I am a self proclaimed Patlabor lover. Be it the movies, the OVAs or the TV series, I love it all. Maiden Japan have given us a release worthy of the classic, and this set does not suffer from the problem of having the English language track requiring edited video. It really is a proper release. This set has the next 12 episodes in the series. Where robot carriers called Labors are used to make the world progress quicker and cut down manual labor. But it created a raise in crime and terrorism. Which lead to improving the police forces by creating Patlabors. Labors specially used by the police to fight crime and make the public feel safe to roam the streets. Patlabor the TV series ran for 47 episodes. Each one continues from the other. And through out the whole series, Noah, who gets the spot light more than the other main characters. Adapts to her passion for operating a Patlabor. And develops from a rowdy red head to a reliable woman. And the thing I like most about Patlabor, is it has a lot of character development. And it makes you feel like you’re watching real life rather a Sci-Fi anime. Because everyone you see has a personality, goal, problem, and daily schedule.
It’s best to go into a series like this without giving too much away, but you should watch collection 1 & 2, and it’s safe to say there are no mad runaway labors or Scooby Doo haunted houses here. At its heart, it is a complicated political series involving what appears to be a military coup against the government. This doesn’t sound like something the SV2 would normally deal with (although it is similar to a story from the original OVA), however they are slowly dragged into the story when it is revealed that the man behind the alleged coup has a connection to Nagumo Shinobu. And for Patlabor fans, this is where the series is important overall. It addresses the one unresolved character point, the backstory of Nagumo. Nagumo has always been a favorite of mine because she is such an enigma; outwardly a dedicated and by-the-book police officer, she nevertheless shares Gotoh’s distrust and cynicism towards authority, often siding with him over her superiors. How did such a strong and capable officer get shunted out to a backwater like the SV2, and why does she carry the huge chip on her shoulder? ‘Patlabor Collection 3′ does an excellent job of fleshing out these aspects of Nagumo’s persona; and her past is woven thickly into the main plot.
The 3rd part of the series does lighten a little in the third act, where the main cast re-unite to deal with the situation. There are a few humorous moments as well as some typical mecha action. This part of the series comes closest to capturing the lighter feel of the Patlabor films, and allow us to re-connect one more time with our favorite characters. Designed as the true conclusion to the series overall, the series only has one part left and also offers a few insights into the new directions the characters will take with their lives. These moments provide some relief from the heavy politics of the central story, as well as giving something back to long-time fans. As with the first ‘Patlabor’ movie, the animation and direction are top-notch, especially considering this is nearly 20 years old now. In keeping with Oshii’s later works, there is a heavier emphasis on symbolism, and on showing montages of scenes without dialogue, which add to the depth and seriousness of the 3rd part of the series. The script is very complex and thought-provoking; the political elements have attracted some criticism for being overly Nationalist and/or anti-Western, but it’s the sort of story that can be taken on different levels and left up to individual interpretation. In all, something very different but very good. Oshii succeeds brilliantly in taking what had been a predominantly fun series and turning it inward into darker and more ambitious territory.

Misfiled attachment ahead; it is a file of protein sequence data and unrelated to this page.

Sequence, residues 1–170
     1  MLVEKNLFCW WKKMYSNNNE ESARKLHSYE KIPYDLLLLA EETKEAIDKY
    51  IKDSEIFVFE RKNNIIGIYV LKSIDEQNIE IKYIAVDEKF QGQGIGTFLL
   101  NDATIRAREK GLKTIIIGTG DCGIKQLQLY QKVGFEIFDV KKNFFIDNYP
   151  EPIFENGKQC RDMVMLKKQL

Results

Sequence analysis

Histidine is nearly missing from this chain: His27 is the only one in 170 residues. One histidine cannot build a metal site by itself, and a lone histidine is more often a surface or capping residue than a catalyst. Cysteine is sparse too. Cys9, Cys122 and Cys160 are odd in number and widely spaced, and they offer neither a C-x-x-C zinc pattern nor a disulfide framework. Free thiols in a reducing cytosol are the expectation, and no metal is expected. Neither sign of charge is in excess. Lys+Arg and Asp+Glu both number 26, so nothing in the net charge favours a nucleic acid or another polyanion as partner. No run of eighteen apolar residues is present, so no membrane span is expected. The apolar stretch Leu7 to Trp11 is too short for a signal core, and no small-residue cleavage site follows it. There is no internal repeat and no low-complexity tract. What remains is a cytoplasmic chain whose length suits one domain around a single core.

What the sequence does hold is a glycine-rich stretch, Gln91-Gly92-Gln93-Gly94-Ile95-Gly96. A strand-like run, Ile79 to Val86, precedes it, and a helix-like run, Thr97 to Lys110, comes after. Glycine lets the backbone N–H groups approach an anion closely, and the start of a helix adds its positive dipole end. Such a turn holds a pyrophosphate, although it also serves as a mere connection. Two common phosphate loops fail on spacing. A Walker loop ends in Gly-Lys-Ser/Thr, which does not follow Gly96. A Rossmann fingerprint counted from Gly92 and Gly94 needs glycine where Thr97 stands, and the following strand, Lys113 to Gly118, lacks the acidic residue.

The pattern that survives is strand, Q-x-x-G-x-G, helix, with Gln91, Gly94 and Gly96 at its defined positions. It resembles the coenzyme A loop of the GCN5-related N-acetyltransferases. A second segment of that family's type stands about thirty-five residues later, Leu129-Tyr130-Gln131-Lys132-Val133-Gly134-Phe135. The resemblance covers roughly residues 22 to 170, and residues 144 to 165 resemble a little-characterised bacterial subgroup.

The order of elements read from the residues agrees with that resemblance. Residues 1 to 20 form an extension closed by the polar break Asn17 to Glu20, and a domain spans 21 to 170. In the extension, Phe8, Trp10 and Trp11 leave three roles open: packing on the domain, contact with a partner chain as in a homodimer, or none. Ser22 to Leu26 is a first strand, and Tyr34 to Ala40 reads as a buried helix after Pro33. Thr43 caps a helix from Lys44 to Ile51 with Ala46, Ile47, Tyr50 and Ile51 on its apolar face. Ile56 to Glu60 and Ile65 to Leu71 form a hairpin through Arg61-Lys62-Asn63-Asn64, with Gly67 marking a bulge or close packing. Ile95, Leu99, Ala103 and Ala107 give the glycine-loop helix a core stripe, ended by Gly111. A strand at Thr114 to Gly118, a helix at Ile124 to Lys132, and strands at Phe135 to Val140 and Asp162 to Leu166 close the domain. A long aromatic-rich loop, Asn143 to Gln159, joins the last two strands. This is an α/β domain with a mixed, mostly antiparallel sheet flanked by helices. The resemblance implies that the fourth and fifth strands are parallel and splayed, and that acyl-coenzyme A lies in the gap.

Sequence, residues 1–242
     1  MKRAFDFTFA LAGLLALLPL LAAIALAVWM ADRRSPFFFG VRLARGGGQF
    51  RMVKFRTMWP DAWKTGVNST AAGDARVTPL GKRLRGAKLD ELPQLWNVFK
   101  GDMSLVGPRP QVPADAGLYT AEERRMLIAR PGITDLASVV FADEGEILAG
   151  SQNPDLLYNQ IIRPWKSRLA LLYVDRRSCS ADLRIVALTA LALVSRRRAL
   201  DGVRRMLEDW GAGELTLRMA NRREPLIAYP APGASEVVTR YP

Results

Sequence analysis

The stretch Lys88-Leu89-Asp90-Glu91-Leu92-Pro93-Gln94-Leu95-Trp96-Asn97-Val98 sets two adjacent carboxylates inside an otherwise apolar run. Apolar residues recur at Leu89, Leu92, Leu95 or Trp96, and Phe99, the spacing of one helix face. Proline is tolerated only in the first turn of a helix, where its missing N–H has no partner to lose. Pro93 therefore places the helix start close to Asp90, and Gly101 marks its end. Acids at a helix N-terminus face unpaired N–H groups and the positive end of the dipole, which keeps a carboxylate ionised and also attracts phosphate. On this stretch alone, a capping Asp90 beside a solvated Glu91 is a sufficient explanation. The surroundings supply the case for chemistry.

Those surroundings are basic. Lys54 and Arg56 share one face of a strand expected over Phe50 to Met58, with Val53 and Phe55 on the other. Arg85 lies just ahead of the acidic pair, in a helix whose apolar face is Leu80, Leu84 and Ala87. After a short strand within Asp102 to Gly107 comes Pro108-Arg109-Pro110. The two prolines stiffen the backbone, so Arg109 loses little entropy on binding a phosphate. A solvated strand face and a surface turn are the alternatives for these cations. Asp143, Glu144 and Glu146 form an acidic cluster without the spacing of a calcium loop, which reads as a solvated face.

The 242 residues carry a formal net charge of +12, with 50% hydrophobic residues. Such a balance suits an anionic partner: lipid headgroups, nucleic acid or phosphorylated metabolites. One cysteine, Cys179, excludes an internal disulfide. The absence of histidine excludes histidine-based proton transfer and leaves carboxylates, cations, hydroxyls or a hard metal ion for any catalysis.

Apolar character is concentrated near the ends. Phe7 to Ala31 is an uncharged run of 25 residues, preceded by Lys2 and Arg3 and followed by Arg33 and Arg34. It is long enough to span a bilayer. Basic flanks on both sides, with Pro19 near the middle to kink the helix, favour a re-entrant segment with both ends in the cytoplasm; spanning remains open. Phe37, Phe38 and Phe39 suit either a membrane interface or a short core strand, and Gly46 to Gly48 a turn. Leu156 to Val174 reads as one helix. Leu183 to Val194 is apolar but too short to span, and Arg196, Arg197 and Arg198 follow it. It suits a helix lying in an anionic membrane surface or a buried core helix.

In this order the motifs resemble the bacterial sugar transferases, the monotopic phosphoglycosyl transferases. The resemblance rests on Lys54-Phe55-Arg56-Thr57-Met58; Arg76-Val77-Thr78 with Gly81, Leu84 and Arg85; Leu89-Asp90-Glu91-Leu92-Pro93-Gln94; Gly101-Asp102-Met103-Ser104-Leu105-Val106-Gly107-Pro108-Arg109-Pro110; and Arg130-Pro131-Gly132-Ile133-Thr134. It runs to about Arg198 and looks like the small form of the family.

So this anime really jumps on the crazy train from the get go. The main character a zombie, his roommate a necromancer, plus his new friend from another dimension takes this show to that special level of you know, special. Also ninja vampires. A young lad who is killed by a magical nymph, is revived by a necromancer named Yuu. He is then her guard to protect her at all costs. Yet in his adolescent mind, all he thinks about is how to fantasize about his Savior. But during his revival, he realizes that he is a zombie, and made to combat anything in his path such as Megalos. Spirits who dwell on earth and are drawn to his powers. In the background is a new member named Hanura, a megalomaniac genius who thinks only her power is the best above all others. Except during a fight, Yuu’s zombie interferes with her fight and absorbs her power. Now when she tries to transform to her genius stage, all she can do is gaze at her nakedness when her clothes disappear. Seeing as Yuu’s zombie now has her power, he also has to wear the uniform Hanura previously had to wear which makes him a cross dressing zombie.